Ypsilanti school board opposes resolution to explain rationale behind proposed budget cuts
The Ypsilanti school board opted not to take action Monday on a proposed three-point resolution directing administrators to explore more budget reduction plans and explain the rationale behind their current proposals.
Trustees Kira Berman and Andy Fanta co-authored the resolution, which was introduced during the board discussion portion of the meeting.
In the resolution, the trustees moved that before the board of education makes a decision on proposed budget reductions:
- Administration fully outline a wider range (choice) of plans that specifies both the dollar reductions and how those plans specifically relate to the district’s core value.
- Administration provide to the school board and the public the rationale (data-based) upon which their recommendation(s) is based.
- Administration explain to the school board and public how the budget restrictions are linked to strategic decisions and an articulated vision that will help the school district to grow.
The board of education may hear the administration's official recommendations for school closures as early as March 17. The recommendations would be detailed at a public special meeting.
A vote on the recommendations would follow at the board’s regular meeting on March 22.
The district is faced with the task of cutting roughly $6.8 million from its budget by the beginning of next school year.
Berman said the district must provide more thorough information on transportation costs, student enrollment projections at each school, changes in racial and socioeconomic make up at the schools, impact on schools of choice and other issues related to school closures.
“Until we have that information, I don’t think this board should vote on which schools to close,” she said.
Tom Perkins | For AnnArbor.com
Board President David Bates said an ad hoc committee comprised of himself, Berman and Trustee Floyd Brumfield was formed in late February with the intention of gathering that information.
He said the committee has only met once, and not all the information administrators provided was correct, so more time was needed.
“I find this resolution unnecessary,” he said. “These were sort of the reasons the board established the ad hoc committee.”
He later added: “I have not heard from administration that they are unwilling to address these issues.”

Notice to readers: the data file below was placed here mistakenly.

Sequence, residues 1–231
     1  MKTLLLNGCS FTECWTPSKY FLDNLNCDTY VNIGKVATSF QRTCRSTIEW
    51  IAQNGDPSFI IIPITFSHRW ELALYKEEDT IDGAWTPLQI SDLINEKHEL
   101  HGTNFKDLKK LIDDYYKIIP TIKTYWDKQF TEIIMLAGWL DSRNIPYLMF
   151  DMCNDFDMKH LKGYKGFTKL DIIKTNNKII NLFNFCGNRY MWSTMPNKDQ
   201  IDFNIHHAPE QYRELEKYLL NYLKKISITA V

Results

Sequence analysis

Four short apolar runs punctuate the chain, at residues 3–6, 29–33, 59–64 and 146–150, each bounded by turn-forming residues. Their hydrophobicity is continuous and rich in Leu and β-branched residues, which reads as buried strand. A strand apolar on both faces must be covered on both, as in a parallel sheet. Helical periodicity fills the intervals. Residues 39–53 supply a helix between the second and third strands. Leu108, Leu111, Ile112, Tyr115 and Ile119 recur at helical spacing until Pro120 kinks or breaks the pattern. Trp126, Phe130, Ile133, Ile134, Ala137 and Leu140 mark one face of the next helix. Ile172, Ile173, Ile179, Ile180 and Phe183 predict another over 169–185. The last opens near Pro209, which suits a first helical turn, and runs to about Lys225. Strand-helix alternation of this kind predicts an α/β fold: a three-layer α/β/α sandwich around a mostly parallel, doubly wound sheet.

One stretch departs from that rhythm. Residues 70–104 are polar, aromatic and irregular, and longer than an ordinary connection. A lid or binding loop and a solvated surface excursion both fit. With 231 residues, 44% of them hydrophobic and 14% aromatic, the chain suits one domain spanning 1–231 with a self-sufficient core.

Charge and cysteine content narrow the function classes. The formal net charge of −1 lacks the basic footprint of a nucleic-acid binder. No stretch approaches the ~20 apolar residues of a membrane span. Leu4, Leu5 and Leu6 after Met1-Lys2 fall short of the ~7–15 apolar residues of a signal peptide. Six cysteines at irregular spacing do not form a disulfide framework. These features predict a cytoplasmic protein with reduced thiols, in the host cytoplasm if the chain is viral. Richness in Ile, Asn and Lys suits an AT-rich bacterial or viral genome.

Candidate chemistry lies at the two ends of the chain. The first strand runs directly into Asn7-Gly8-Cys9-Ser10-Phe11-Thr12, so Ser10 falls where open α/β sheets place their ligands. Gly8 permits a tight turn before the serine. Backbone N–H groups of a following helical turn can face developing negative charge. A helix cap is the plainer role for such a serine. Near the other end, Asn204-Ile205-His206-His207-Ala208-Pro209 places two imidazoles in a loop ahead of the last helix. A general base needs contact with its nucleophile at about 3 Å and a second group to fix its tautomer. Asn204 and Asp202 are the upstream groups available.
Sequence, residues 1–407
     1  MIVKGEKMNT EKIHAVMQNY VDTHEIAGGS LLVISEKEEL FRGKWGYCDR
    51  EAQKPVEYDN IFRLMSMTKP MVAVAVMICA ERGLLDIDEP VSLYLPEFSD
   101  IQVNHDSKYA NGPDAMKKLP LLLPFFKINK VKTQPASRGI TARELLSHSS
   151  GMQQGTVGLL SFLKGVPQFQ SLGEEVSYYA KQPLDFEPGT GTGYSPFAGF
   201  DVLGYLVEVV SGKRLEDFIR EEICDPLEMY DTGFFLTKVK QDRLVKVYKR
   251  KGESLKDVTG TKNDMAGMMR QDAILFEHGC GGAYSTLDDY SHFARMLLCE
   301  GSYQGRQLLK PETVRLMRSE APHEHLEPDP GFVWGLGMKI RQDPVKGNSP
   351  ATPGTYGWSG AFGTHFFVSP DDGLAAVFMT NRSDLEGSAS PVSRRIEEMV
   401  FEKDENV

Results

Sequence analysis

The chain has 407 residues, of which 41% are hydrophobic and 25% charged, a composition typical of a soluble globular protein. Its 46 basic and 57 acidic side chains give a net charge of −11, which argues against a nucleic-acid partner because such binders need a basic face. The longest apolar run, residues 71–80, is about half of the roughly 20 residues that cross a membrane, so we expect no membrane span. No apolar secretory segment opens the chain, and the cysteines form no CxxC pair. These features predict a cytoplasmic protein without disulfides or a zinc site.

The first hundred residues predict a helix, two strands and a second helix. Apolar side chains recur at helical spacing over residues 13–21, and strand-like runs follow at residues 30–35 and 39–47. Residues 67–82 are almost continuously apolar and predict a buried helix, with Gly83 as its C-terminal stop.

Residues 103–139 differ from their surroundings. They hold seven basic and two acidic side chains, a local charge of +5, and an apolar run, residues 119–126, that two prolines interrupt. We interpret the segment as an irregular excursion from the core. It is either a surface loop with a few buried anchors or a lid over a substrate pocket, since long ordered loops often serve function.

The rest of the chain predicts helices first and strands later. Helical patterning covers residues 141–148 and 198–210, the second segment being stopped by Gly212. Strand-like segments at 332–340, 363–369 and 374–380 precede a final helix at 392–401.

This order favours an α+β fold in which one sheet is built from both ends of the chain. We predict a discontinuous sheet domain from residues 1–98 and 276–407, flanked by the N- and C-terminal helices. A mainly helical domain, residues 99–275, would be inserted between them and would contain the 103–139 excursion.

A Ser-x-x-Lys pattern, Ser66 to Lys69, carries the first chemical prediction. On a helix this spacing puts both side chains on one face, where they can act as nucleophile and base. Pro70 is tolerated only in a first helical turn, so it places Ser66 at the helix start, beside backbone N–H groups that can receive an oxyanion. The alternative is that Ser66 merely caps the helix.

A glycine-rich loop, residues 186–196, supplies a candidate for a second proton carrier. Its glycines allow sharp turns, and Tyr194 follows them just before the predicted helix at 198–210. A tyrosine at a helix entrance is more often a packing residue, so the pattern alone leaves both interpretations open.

Several board members concurred with Bates.
Trustee Sarah Devaney rebuked Fanta and Berman for “bringing a surprise” to the table, which she said she was the first thing she learned she shouldn't do when she became a trustee.
“I don’t appreciate being caught off guard,” she said.
Brumfield agreed the information was needed, but also criticized how the resolution was introduced. He pointed out that similarly hasty resolutions in the past ended with negative results.
“That’s not how we operate, he said.
Berman apologized for the “surprise” but added, “I will say this - as a member of the ad hoc committee, if I thought we were moving in the direction of having all that data, I wouldn’t feel the necessity to make this motion.”
Superintendent Dedrick Martin defended the administration.
He said administrators have been responsive to all the board’s requests and listed the measures taken to ensure the community has been informed and had the opportunity for input. He pointed to online surveys, several public forums, an online question and answer page and a meeting with the ad hoc committee.
Martin added it has become evident there is an effort to strike down the administration’s plan before the formal presentation, and the district doesn't have time for further delay in providing recommendations.
“I’m not in support of us coming up with additional processes to make decisions we have to make soon,” he said. “I would caution the board before entering into any resolution to postpone a vote when we haven’t seen an official plan from the administration yet.”
Berman said the resolution’s purpose wasn’t to postpone a vote.
“It is a resolution to make sure we have the adequate data to make the decision,” she said.
Ultimately, the resolution did not move past discussion and wasn't voted on for lack of board support.
The discussion came after the board debated hiring an outside firm to help develop a strategic plan.
During public comment at the end of the nearly five-hour meeting, Jill Clouse, a parent of several kids in YPS, said she had been to all the meetings and forums and was “disgusted” by how certain board members reacted to the resolution. She said the resolution included everything parents have called for throughout the process.
Kelly Powers, Ypsilanti Education Association president, said she thought the resolution would have brought greater transparency to the process.
“I think sometimes you have to make decisions that come to you at the last minute, whether they are good, bad or indifferent, and as elected officials, that is your job,” she said.
Berman noted it appeared all board members agreed the resolution's content is necessary to make a decision. But she said those who didn't support it have placed a high level of trust in the administration to provide provide the information and explore all the options on its own.
“I hope you’re right,” she said.
Tom Perkins is a freelance writer for AnnArbor.com. Reach the news desk at firstname.lastname@example.org or 734-623-2530.